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Credit: Biruk Tibebe

Members of the Penn community braved the snowy weather and gathered at Van Pelt Library for the teach-in event “The Knowledge and Practice of Well-Being" on March 20.  

The event was sponsored by Penn's Positive Psychology Center and was a part of the week-long teach-in, which is the first of its kind to be held in 49 years. Guest speakers discussed how to address common stressors in college with practices of well-being and mindfulness. They also led interactive activities and thought experiments to spur participation from attendees. 

Director of Education in the Positive Psychology Center James Pawelski first explained the many ways one can define, measure, and ultimately cultivate happiness. Pawelski emphasized that each individual has their own sense of happiness and therefore has their own ways of accomplishing that happiness. 

James Pawelski

Another speaker, Penn Medicine professor and Director of the Penn Program for Mindfulness Michael J. Baime, spoke on practicing and achieving mindfulness. As he explained, mindfulness is a way of training and improving one’s attention capacity and working memory.

Baime urged the audience to bring their attention to the present moment. While this may seem like a bad idea in college with so many stressors present, he said the practice is ultimately helpful. Mindfulness "buffers" a stress reaction, so people can really process the source of stress, he added.  

Finally, Penn Program for Flourishing co-founders Faisal Khan and 2014 Arts and Sciences graduate Laura Taylor presented on how positive psychology-based programming can benefit students.  

Michael J. Baime

Khan, a 2011 Engineering and Wharton and 2017 Arts and Sciences graduate, explained that students have voiced a need for wellness initiatives. “Penn is, in many ways, the birthplace of positive psychology,” he said. “We also discovered that there is a need for this at Penn as well. Students expressed an interest to be in a safe place and a safe environment where they can develop and grow without any preconceived [negative] notions.”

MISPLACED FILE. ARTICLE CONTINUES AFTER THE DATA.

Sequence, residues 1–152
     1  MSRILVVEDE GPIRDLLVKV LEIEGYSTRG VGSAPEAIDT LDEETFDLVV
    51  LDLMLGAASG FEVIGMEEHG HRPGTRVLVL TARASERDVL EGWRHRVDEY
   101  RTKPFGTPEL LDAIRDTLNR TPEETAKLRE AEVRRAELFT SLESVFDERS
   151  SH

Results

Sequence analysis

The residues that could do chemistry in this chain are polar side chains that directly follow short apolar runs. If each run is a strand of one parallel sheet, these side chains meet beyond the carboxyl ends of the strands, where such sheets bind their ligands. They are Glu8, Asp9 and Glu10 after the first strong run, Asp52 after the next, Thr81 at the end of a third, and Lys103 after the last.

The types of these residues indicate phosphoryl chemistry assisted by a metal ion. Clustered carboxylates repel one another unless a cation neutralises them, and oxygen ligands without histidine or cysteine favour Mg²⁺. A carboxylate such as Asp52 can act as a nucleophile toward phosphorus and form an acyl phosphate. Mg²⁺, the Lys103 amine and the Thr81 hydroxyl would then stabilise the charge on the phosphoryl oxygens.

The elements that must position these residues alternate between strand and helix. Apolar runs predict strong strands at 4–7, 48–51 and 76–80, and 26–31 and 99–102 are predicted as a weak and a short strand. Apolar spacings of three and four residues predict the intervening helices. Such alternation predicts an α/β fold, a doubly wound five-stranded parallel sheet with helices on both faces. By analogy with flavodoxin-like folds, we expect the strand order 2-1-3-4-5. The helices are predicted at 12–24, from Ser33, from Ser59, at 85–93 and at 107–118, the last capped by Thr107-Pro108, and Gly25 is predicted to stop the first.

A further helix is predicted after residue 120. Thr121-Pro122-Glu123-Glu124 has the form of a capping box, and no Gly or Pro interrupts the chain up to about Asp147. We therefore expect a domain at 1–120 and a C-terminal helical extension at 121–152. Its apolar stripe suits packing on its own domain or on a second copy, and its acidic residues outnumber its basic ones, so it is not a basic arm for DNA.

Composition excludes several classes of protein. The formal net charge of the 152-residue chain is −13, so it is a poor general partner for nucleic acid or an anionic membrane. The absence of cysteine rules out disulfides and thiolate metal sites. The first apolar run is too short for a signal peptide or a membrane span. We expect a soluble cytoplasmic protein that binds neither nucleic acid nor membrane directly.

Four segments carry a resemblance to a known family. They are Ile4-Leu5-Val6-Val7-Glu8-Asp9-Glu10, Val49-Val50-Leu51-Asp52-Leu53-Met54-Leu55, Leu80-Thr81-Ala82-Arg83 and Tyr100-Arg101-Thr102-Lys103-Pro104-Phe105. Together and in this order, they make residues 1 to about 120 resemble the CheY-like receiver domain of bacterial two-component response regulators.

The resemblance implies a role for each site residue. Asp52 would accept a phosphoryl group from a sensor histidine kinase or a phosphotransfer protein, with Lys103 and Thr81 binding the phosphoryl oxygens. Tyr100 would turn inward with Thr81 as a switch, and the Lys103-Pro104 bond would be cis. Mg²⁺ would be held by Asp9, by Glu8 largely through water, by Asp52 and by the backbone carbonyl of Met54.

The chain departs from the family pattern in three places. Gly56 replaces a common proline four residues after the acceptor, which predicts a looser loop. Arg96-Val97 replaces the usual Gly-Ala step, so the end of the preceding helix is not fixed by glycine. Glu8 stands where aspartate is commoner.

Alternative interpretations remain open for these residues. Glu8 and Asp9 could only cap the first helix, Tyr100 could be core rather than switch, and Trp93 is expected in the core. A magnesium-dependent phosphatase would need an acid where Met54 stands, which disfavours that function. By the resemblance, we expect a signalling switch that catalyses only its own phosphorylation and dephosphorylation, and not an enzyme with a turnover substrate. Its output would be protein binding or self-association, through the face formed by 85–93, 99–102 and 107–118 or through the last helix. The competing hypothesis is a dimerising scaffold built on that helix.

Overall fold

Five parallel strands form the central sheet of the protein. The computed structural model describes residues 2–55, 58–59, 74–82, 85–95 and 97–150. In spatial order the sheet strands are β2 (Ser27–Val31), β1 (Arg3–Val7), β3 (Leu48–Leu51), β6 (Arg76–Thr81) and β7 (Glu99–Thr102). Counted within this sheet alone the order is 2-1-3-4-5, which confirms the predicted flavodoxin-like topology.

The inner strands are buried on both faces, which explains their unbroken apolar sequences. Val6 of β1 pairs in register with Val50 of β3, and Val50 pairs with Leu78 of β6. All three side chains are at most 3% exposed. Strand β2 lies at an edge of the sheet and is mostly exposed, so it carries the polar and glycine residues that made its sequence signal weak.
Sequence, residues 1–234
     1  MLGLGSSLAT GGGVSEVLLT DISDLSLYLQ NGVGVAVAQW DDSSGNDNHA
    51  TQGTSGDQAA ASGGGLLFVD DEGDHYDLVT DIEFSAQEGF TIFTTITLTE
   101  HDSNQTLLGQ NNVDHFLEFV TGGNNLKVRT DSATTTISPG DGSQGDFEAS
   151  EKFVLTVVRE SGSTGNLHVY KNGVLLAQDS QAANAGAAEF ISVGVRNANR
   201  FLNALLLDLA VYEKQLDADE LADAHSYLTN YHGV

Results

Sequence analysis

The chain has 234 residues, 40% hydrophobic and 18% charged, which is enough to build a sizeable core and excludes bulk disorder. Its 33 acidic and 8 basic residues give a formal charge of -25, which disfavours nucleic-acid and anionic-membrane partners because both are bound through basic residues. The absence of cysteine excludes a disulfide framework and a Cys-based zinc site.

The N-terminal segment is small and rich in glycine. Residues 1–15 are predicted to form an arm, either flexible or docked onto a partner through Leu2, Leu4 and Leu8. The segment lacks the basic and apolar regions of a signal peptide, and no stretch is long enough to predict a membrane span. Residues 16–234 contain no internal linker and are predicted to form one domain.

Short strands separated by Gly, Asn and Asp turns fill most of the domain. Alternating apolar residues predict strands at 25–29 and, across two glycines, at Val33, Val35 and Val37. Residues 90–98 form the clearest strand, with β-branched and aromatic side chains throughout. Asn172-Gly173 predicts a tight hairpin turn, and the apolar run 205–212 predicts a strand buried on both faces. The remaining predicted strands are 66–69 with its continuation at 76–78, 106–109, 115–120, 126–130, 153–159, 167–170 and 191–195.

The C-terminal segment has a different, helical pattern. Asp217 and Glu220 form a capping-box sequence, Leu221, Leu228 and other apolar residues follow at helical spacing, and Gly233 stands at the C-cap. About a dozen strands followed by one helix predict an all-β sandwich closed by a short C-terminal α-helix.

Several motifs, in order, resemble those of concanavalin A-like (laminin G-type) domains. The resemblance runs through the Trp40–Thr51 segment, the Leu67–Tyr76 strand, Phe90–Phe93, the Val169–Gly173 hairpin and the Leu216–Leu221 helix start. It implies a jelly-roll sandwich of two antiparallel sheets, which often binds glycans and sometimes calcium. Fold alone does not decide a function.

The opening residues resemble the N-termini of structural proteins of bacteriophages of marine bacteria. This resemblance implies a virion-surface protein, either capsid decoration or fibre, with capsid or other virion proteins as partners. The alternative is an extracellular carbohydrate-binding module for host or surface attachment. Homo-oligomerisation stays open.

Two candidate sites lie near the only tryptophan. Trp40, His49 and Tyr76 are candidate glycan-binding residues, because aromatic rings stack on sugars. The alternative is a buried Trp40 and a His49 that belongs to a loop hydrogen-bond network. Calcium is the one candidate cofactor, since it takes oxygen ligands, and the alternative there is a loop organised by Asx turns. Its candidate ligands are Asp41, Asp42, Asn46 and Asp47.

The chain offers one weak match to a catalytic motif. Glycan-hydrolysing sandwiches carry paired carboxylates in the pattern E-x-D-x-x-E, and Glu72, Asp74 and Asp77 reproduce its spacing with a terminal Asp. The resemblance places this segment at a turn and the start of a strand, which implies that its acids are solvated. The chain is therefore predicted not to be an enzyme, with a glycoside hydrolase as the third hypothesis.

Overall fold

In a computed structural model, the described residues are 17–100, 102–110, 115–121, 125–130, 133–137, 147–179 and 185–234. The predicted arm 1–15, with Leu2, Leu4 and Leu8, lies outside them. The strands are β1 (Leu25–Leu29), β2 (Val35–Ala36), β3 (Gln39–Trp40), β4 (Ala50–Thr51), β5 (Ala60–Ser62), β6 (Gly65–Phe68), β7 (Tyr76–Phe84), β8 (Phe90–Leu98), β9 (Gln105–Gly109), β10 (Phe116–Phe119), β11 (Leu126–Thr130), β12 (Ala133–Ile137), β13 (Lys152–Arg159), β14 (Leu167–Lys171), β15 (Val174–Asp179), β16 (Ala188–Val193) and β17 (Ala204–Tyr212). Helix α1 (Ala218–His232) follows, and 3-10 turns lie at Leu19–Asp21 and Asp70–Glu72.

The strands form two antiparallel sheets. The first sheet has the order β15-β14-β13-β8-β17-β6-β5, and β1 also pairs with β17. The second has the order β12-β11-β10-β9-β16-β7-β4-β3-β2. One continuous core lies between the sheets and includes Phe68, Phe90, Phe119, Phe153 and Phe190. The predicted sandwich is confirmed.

Despite being one of the only Ivy League institutions with a Positive Psychology Center, Penn does not yet provide large-scale classes in the field to undergraduate students. At Harvard University and Yale University, a positive psychology class was their most popular class among students.  

Taylor said the availability of the Penn Program for Flourishing to all Penn students addresses the importance of inclusion to wellness. “I think the exclusivity that happens in many of the programs at Penn can cultivate competition,” she told The Daily Pennsylvanian. “We are trying to find a way of creating a space that will promote a more collaborative mindset.”

To incorporate positive psychology in everyday life, Taylor said that starting small, first by focusing on one's strengths, is the best path to "sustainable change" in one's happiness.  

Attendee and Engineering sophomore Sanjit Kalapatapu said the discussion on mindfulness really spoke to him. “It is something that I do not really think about that much,” he said. “I feel at Penn you kind of get swept into the swing of things. You do not get to really sit down and reflect.”

Arts and Sciences master's student Noof Aljneibi, who is getting her master's degree in Applied Positive Psychology, added that events like this one should be more commonplace on college campuses. “Having more sessions spreading awareness about well-being and human flourishing is really crucial,” she said, “not only at Penn but in every community.”

“The Knowledge and Practice of Well-Being” is just one of several events scheduled on campus for the teach-in initiative, which will also include several lectures on politics and Penn culture. This is the first teach-in program since 1969. This revival of the program, titled “Production of Knowledge,” is scheduled to run through March 22.